We equine veterinarians are frequently asked to consult on photographs and videos clients send us digitally. This can include images of wounds, conformation abnormalities, or lamenesses. Reviewing these videos or photos is technically telemedicine and a service your veterinarian might choose to provide for her or his clients. Typically, a valid veterinary-client-patient relationship (VCPR) must be in place first. In most states this means the veterinarian must have seen the horse in person in the last 12 months. Note, however, that some states’ veterinary examining boards have temporarily loosened this criteria in response to the COVID-19 pandemic to offer practitioners and horse owners more flexibility.
In many instances, this type of information-sharing can ultimately be a win-win for the care of the horse. But some instances veterinarians find frustrating because—despite their best efforts—they can’t glean the information they need from the images a horse’s owner or caretaker sends.
How can you as an owner help your veterinarian? Here are basic tips from my experience:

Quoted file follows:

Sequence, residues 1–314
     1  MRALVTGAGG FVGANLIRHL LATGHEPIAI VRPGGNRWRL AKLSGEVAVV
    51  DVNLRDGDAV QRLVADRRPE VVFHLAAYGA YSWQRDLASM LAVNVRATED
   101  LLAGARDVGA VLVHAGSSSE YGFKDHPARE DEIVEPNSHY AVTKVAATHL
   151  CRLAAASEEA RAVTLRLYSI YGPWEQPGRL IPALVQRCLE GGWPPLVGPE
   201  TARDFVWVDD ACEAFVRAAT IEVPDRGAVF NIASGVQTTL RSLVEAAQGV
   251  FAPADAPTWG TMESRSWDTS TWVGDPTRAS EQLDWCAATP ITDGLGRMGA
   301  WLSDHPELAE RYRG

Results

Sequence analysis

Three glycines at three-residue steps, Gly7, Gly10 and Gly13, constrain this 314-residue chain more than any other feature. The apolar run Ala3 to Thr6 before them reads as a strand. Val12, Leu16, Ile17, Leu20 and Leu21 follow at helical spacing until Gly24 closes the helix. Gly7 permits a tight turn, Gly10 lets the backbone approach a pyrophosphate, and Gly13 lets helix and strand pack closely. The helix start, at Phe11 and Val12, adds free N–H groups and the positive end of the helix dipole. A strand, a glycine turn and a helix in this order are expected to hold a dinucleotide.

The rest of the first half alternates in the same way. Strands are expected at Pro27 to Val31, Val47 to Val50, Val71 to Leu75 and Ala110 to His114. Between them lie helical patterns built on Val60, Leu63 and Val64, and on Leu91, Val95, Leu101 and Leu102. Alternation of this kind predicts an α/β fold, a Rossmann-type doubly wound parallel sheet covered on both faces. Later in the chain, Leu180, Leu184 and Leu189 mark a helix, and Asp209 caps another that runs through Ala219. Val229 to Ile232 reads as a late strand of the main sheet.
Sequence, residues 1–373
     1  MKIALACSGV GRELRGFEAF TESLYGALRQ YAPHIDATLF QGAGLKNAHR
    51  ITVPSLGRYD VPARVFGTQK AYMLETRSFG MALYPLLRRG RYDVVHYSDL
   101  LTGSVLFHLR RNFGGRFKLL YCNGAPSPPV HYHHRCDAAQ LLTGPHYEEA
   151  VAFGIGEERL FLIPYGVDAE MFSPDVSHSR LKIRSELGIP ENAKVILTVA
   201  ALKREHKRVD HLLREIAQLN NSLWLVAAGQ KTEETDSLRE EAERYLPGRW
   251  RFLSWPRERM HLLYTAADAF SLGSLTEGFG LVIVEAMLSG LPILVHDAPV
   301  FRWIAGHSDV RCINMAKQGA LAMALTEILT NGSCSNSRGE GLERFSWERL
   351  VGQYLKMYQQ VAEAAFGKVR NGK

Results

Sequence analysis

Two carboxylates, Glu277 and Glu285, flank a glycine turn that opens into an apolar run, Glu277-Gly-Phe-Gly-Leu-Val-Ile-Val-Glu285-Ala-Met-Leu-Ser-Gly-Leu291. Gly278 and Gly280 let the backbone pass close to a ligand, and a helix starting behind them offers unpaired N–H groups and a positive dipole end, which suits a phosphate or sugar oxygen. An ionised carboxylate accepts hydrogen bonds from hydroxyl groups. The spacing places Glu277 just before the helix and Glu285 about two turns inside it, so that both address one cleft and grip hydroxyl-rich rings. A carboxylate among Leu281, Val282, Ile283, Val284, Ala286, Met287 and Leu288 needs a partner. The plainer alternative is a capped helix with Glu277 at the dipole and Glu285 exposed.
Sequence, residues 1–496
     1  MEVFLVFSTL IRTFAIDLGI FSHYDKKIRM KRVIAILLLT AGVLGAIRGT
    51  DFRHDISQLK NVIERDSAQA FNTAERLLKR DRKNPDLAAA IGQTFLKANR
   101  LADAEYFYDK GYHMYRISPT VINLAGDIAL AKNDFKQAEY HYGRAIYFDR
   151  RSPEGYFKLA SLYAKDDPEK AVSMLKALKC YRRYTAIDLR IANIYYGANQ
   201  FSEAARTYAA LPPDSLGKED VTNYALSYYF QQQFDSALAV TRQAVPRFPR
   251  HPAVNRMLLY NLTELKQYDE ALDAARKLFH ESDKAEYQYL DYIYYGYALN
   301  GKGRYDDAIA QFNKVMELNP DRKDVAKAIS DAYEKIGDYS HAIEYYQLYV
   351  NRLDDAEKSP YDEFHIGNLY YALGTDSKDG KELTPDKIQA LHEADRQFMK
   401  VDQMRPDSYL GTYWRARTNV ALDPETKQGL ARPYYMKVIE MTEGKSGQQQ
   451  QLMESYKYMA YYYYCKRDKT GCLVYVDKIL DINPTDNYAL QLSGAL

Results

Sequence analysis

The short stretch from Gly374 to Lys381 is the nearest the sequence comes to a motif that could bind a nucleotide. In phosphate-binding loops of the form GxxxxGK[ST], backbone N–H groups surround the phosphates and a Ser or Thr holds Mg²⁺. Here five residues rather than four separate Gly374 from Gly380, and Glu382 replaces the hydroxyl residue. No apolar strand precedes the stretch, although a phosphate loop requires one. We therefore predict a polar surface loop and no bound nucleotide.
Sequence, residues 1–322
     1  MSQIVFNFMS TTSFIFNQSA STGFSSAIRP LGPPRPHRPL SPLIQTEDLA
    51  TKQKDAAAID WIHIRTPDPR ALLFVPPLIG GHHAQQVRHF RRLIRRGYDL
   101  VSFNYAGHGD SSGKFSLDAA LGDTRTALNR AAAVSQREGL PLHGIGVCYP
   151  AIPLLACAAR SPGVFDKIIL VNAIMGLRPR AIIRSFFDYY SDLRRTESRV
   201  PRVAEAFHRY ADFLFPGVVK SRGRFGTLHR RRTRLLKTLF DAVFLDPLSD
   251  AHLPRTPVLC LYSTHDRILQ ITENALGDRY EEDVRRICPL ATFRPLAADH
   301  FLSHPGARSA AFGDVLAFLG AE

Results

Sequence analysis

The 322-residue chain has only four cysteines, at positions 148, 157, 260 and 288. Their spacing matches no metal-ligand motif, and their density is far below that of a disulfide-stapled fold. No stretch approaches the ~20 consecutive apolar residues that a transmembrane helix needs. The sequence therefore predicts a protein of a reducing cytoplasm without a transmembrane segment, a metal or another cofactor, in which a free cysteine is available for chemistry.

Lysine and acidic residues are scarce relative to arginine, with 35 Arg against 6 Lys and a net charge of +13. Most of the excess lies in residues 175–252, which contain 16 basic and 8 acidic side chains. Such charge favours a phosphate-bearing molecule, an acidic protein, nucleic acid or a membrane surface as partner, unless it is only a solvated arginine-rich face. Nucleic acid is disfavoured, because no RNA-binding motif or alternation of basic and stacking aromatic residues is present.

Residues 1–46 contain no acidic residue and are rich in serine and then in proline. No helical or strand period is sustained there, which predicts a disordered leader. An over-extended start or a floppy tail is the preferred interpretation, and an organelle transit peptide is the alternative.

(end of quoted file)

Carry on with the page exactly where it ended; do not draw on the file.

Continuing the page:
- Ensure the area has adequate lighting, and avoid excessive backlighting. Barns are often dark, and overhead lighting can throw shadows, so use natural lighting if possible. Otherwise, flash or fill lighting can help.
- If taking an image of a wound or other injury, focus the photo on the area in question. Blurry images are unhelpful.
- If your horse has sustained a bloody wound, clean it so blood doesn’t obscure the wound itself.
- Include photos that zoom in and show the affected area in detail, but also zoom out to provide a view that shows more of the horse to help orient your veterinarian to the injury’s location.
- Use a reference object—such as a coin, pencil, or ruler—in the photo to show scale. Doing so will give your veterinarian context and perspective.
When sending a video, all the above apply. For any lameness, your veterinarian will likely need views from the front and back as well as the sides to make a full evaluation.
Keep in mind that a veterinarian can often obtain a great deal more information from an in-person examination, which allows for palpation, exploration of the wound, or viewing from multiple perspectives. If your veterinarian declines to make a diagnosis or recommend a treatment based on digital images, it’s typically because he or she wants to make the most accurate treatment plan possible for your horse and doesn’t want to miss a key finding that would affect the horse’s outcome.